• Sol says:

        Though I guess the fact that this period saw them write all my favorite characters out of the book didn’t help any… 😉

    • pawpaw5771 says:

      209 was my first exit point from the X-books before picking them up again around the Muir Island Saga some 70 issues and 5 years later. At the time, I remember being really put off by this arc – I enjoyed the fight with Nimrod and the Hellfire Club, and I liked it took an unlikely alliance to survive Nimrod. And while Leland was a goof, I thought he went out like a champ. But I recall being really annoyed at Rachel being written out (I was really excited to see what she would do in X-Men, and had no idea Excalibur was coming down the road), especially involving Spiral in Rachel’s exit. Having never read the Longshot series or having any context of Spiral outside of her appearances in the last few months, I just found her to be a really dumb and uninspired villain.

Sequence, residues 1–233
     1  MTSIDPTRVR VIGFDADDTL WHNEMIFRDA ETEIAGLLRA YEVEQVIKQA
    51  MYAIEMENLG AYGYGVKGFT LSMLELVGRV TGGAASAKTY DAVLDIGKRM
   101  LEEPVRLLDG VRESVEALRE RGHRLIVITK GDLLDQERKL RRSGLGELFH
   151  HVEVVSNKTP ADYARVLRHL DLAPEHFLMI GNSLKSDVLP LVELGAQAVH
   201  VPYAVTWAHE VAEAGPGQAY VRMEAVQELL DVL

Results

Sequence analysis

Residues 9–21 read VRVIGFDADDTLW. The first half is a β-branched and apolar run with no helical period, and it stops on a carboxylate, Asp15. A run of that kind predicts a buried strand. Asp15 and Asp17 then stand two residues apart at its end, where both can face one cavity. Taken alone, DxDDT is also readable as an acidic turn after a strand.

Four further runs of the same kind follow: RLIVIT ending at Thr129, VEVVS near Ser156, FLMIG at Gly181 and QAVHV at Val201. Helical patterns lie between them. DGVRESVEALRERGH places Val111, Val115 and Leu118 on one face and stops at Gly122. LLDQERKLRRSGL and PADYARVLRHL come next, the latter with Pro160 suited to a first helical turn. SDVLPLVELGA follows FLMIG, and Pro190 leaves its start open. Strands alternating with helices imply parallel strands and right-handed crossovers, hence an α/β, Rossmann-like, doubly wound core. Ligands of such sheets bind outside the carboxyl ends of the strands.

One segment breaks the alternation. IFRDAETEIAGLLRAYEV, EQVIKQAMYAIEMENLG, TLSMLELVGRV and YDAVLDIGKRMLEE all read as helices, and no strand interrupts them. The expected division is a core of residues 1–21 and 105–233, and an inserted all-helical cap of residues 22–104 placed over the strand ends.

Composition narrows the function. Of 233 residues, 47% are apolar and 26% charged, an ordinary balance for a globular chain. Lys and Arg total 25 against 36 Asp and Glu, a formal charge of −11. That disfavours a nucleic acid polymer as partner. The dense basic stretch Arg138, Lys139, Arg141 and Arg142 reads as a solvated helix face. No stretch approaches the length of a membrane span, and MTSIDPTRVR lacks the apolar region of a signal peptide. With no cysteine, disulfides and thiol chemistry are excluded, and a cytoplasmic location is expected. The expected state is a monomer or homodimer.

Random music note. This has nothing to do with the characters, but I will always associate the second Digital Underground album ‘Sons of the P’ with Excalibur, as I was listening to it when I was re-bagging and re-boarding a lot of Excalibur issues circa 1992 or so.

  3. Gary P. says:

    “Four-letter words” are curse words.

    • Miles says:

      We know – we just like being overly-literal sometimes. 🙂

      • Gary P. says:

        Very good. Thank you. I figured it was a put on, until you recommended “Freedom is a Force-Letter Word”, to retain the inaccuracy but at least draw it in a bit, at which point I thought “perhaps they don’t actually know.”

      • Rachel says:

        Also, the term derives from the fact that the most common profanity consists mostly of four-letter words. I refuse to be beholden to an idiom that has decayed into functional meaninglessness.

  4. TheSam says:

    It’s been a long time since I read these issues, but I don’t remember if there was a reason that Emma Frost wasn’t with the rest of the Inner Circle (she might have been busy with dealing with the New Mutants and their post-Secret Wars II issues). I’d like to take it as headcanon that she saw the rest of the Inner Circle’s outfits and used her telepathy to wipe their minds of her presence.